Google's radar-based gesture control system for mobile devices, Project Soli, is not yet dead. The project, which was announced back in 201
Project Soli's goal is to build a small radar system on a chip that can be used to detect hand movements over a unit. Soli is only at the trial stage right now, but Google usually places Soli as a concept management system for smartwatches, speakers, media players, and smartphones. Generally, the displayed gestures are displayed as tapping the thumb and index finger together so that a virtual button taps or rubs the two fingers together to roll or rotate a wheel. The idea makes the most sense for small devices like a smartwatch, which does not necessarily accommodate a significant touchscreen and many buttons. It can also have benefits for users with limited mobility.
The FCC's decision actually allows Google to use Soli at higher than the current power levels, which apparently needed to make the chip work. Google originally wanted power-level approval in line with European Telecommunications Standards Institute standards, but was talked down, strangely enough by Facebook, who was concerned about interference issues. Facebook is interested in 60 GHz broadband through its "Terragraph" project.
The FCC said that the decision "will be of public interest by providing innovative device control features using non-contact hand motion technology."
ATAP's sketchy track record  The biggest news coming out of the FCC documents is just that Project Soli is not dead. The project is being developed in the Google Advanced Technology and Projects Department (ATAP), which is notorious for announcing key projects that never see the light of day.
Google's ATAP division was started by Regina Dugan, former head of DARPA, back when Google owned Motorola. The group was created as a mobile-centric skunkworks with projects focused on a two-year timeline, on which they would be spun by ATAP as a stand-alone project or closed. The group has generated a lot of press coverage, but very little in the way of effective product launches. Usually, ATAP's projects are announced, hyped up, and then canceled annually or never heard again. Given that Dugan once said that ATAP should be "unnecessary for errors", it seems that the low-impact rate should be part of the Group's design.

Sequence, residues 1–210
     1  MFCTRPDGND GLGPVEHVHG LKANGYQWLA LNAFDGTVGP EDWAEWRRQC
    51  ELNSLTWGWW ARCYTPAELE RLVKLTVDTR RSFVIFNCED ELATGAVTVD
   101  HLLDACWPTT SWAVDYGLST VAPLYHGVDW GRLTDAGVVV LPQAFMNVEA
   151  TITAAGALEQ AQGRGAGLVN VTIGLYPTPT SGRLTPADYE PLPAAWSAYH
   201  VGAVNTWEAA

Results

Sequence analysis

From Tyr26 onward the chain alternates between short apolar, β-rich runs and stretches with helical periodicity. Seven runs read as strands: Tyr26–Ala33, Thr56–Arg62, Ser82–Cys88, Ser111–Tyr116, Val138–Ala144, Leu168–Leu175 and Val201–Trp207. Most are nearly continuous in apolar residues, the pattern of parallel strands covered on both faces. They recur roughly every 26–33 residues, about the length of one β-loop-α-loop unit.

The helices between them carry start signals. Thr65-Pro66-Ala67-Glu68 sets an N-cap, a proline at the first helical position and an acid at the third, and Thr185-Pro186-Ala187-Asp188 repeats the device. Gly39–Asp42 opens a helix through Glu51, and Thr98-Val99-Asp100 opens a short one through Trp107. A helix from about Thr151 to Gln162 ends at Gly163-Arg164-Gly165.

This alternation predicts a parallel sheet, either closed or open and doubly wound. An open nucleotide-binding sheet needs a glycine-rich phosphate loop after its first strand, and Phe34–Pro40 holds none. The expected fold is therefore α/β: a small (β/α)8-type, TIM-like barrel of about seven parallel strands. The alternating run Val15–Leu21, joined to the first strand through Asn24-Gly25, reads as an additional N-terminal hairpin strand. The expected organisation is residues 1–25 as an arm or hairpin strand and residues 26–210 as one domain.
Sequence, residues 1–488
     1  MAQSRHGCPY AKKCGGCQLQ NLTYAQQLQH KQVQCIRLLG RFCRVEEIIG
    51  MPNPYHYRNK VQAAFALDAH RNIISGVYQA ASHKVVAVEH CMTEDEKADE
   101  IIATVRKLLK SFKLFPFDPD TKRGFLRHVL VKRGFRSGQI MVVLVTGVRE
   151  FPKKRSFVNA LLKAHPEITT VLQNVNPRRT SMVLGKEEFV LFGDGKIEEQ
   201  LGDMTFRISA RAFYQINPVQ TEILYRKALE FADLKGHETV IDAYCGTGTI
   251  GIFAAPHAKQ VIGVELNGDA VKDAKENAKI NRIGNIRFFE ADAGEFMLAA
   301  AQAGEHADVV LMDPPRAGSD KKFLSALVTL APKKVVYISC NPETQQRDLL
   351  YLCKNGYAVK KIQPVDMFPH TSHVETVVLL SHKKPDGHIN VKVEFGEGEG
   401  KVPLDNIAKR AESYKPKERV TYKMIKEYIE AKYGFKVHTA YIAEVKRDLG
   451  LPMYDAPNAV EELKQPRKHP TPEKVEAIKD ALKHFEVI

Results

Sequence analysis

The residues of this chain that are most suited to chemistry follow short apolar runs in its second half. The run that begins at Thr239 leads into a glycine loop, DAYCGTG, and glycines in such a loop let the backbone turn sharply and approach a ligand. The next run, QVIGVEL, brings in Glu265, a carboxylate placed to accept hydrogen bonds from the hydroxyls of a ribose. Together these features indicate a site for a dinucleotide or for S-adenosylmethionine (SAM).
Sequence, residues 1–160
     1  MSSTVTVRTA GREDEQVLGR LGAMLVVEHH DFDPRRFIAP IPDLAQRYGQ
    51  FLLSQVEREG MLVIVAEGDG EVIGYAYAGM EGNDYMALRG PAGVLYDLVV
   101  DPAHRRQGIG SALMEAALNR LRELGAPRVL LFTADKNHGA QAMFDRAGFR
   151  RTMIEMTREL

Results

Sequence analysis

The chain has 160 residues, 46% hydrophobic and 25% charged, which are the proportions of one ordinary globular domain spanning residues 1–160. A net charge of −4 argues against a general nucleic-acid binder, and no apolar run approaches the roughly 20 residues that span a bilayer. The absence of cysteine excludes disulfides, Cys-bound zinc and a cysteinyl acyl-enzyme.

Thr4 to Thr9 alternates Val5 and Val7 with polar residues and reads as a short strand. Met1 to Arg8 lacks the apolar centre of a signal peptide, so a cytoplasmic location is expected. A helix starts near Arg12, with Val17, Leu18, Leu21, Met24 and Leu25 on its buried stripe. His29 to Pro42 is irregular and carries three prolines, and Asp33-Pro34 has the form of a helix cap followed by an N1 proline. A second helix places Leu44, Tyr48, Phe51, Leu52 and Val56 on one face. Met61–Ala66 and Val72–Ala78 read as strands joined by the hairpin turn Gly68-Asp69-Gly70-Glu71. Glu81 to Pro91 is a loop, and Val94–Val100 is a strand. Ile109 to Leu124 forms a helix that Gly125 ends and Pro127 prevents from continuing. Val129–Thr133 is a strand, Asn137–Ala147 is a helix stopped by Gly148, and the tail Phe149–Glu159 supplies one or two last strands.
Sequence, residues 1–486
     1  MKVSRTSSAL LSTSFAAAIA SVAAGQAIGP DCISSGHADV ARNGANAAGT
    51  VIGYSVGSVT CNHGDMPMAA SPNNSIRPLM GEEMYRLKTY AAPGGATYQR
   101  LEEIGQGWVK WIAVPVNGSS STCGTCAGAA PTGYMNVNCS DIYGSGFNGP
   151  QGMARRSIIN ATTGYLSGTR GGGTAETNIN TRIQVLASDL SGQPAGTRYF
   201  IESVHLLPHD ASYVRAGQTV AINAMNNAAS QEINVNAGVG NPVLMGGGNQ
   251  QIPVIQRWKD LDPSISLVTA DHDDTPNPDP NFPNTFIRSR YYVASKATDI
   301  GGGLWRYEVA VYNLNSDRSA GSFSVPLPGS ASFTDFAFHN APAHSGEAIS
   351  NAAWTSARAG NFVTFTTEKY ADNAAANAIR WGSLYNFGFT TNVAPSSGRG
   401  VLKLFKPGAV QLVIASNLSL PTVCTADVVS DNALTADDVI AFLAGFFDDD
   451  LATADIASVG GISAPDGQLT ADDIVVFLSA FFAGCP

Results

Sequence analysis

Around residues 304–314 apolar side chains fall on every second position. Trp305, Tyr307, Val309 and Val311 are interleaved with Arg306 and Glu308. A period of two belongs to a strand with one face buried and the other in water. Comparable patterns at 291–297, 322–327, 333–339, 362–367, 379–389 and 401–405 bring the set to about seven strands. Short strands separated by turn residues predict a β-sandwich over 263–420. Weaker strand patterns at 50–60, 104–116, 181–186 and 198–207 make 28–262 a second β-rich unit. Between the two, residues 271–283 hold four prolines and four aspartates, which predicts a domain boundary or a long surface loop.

It was Project Ara, a system for building modular smartphones, developed for three years, often delayed and finally canceled in 2016. "Project Abacus" was a crazy smartphone authentication method announced in 2015 that would use all sensors in a phone – front camera, microphone, GPS, touch screen and more – to continually approve a user with a "trust score" and ease the need for a password. The idea sounded like a big battery chop, but we will never know since the project was quietly killed at some point, or at least it was scrubbed from the ATAP website and has not been mentioned for years. Project Vault was an SD card with a secure data processing environment on board, and required separate approval for access. Vault was another 2015 project that clearly disappeared, but there is a sleeping stock here.
For ATAP projects that actually saw the light of day, it was Project Jacquard, who saw the Google team up with Levis to create a $ 350 jeans jacket with a small touch panel in the sleeve. The most successful excursion was probably Project Tango, which was a 3D sensing smartphone loaded with specialized sensors. Tango was eventually canceled, with much of the software work rolled into Android's ARCore, which uses a more limited AR kit using standard smartphone hardware. To count software (every other ATAP project is hardware-focused), the group produced Google Spotlight Stories, which is a 360-video format.
Besides the already launched Jacquard and Spotlight stories, Soli is the last remaining project on the ATAP website. Apparently, a few developer packages were offered to a select group in 2016, but since then we have not heard much from the project. Will we ever see it in a commercial entity?